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In a C++ Arduino library, can we modify the call stack from inside a function by intentionally decrementing a pointer to a stack variable so that it's out of range? Like this:

void FooBar()
{
  char a;
  char *ptr = &a;
  ptr -= 4;
  // Can we edit the call stack with ptr now?
}

Can we use this to, for example, change what function is "calling" FooBar() by replacing the function pointer of the calling function on the call stack to another function? Or can we change the values of function variables in the calling function in mischievous fashion?

  • 1
    Yes, you can. Learn the ABI first so you know what is where. gcc.gnu.org/wiki/avr-gcc#Frame_Layout However I wouldn't recommend doing so - nasty things can happen if you futz with the stack frame. – Majenko Jan 16 at 22:58
  • Yes, you can, but it won't work. The compiler can do many optimizations, so it is very doubtful that it will work. When you are serious about writing software, then you should never do such things. Stay far away from things that are bound to go wrong. Every software engineer that sees your piece of code is now feeling very uncomfortable and is banging his/her head against the wall screaming out loud: no, no, no. – Jot Jan 17 at 8:21
  • I recommend you to generate an .lst file and see the assembly – Juraj Jan 17 at 8:44
1

I am answering in the context of the AVR calling conventions, as they are the only ones I know well enough to be able to answer here.

Can we use this to, for example, change what function is "calling" FooBar() by replacing the function pointer of the calling function on the call stack to another function?

That will probably be impossible in C++. Let's say you have the following call chain: main()f()FooBar(). In the body of FooBar(), the stack will look like this (oldest stuff at top):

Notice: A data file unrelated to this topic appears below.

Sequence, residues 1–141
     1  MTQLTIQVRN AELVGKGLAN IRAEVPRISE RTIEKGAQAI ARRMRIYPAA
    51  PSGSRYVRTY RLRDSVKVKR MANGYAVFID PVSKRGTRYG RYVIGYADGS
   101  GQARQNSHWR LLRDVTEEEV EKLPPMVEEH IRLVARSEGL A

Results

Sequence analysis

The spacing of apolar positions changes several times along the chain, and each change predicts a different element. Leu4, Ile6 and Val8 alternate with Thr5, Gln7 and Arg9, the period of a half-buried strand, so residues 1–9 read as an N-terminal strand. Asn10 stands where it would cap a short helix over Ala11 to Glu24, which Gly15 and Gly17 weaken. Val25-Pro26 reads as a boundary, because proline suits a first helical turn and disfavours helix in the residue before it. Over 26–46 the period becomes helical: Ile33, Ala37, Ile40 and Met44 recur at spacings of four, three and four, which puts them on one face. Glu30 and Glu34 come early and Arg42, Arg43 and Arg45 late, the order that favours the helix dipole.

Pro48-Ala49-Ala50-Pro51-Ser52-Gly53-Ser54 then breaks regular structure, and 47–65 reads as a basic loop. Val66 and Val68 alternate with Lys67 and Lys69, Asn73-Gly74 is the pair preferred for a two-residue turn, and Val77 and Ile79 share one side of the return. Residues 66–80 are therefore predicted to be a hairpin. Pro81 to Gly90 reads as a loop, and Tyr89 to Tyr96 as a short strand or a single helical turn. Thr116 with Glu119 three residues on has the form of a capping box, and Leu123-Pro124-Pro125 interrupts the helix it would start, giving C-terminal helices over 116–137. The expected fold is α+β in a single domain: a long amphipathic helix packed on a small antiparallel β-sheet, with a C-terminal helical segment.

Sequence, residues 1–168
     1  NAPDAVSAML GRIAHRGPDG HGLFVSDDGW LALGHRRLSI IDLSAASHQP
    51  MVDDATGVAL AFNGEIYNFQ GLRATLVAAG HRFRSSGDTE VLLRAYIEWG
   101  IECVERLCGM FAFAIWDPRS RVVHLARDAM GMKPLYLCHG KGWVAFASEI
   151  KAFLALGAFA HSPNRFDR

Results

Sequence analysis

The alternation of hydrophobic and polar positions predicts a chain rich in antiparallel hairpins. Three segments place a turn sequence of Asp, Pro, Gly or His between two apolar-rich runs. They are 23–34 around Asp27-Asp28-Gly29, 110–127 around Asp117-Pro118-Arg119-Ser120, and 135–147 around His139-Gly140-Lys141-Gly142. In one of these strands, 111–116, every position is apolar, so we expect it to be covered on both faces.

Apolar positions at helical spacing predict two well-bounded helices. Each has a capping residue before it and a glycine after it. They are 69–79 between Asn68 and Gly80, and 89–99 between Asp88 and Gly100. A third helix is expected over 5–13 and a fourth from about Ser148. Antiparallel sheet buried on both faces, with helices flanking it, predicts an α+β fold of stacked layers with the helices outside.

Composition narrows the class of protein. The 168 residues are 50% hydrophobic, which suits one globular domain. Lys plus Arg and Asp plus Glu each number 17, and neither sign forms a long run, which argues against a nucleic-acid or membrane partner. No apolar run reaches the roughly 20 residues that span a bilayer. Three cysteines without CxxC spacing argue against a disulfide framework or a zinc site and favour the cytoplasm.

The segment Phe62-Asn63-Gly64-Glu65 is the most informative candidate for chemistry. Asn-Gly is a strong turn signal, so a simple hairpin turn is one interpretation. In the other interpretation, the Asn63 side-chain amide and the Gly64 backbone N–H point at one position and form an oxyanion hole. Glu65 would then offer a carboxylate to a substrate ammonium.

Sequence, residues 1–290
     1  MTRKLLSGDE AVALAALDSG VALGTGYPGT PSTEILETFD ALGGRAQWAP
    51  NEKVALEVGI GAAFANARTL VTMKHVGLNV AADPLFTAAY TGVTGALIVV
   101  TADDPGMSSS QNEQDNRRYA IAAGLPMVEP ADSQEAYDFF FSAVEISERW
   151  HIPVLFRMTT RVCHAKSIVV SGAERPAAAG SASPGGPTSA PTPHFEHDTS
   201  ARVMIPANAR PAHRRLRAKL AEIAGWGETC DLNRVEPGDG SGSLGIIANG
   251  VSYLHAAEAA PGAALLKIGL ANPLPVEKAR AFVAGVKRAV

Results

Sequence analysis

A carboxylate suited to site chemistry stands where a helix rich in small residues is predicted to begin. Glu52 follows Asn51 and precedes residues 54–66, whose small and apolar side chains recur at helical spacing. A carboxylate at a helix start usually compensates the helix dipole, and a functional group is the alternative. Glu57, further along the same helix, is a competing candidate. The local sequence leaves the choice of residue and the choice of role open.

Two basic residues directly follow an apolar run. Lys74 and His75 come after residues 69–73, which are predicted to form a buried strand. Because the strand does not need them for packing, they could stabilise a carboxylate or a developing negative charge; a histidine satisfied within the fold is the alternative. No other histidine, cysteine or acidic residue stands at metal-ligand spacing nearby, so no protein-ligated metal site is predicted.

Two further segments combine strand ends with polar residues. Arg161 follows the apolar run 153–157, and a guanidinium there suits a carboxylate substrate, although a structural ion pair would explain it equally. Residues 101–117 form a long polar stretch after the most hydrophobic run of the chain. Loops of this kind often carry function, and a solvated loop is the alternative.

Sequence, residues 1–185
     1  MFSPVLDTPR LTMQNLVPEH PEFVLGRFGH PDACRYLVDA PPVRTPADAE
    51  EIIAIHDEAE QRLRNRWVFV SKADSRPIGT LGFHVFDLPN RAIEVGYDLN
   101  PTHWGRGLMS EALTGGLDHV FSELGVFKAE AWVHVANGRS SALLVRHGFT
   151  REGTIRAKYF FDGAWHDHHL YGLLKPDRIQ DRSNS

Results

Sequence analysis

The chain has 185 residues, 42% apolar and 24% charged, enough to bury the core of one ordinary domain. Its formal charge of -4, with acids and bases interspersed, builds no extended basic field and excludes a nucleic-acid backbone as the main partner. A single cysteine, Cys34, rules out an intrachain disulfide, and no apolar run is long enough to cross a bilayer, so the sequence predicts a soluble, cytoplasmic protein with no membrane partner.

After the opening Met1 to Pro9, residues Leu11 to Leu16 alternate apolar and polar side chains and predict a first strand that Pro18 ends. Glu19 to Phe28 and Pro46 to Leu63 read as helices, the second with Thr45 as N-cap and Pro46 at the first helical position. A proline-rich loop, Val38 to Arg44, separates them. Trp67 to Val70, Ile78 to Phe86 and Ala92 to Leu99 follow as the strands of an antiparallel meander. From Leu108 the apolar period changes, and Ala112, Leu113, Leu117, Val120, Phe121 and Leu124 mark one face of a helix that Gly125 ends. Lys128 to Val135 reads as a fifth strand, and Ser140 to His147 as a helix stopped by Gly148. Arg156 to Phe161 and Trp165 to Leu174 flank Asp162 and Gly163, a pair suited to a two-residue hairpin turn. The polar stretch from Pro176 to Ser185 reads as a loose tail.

return address from f() to main()
registers saved by the f() prologue
return address from FooBar() to f()
registers saved by the FooBar() prologue

Getting the stack pointer is easy. No need to declare a dummy variable, just:

char *stack_pointer = (char *) SP;

Now, to change the required return address, you need to skip over the registers saved by the FooBar() prologue. And this is the big problem: you do not know how many registers were saved there. Function prologues are written by the compiler, and whatever they save depends on how many registers are needed within the function, which in turn depends on the complexity of that function. Even minor changes to the function can modify the number of registers its prologue saves.

The only solution to this problem I can imagine is to forego the compiler-generated prologue and write FooBar() in assembly. If you wish to do it within a C++ file, you can attach the "naked" attribute to the function and write its body using inline assembly.

Or can we change the values of function variables in the calling function in mischievous fashion?

No need to tamper with the stack for this. The compiler strives to store as many local variable as possible in CPU registers rather than the stack. The caller's local variables are most likely still in those registers and you can modify them at will (in assembly). That's why you have this register-saving prologue and register-restoring epilogue in the first place. Indeed, if you make the function "naked" and don't do the saving/restoring yourself, you will very likely end up corrupting the caller's locals.

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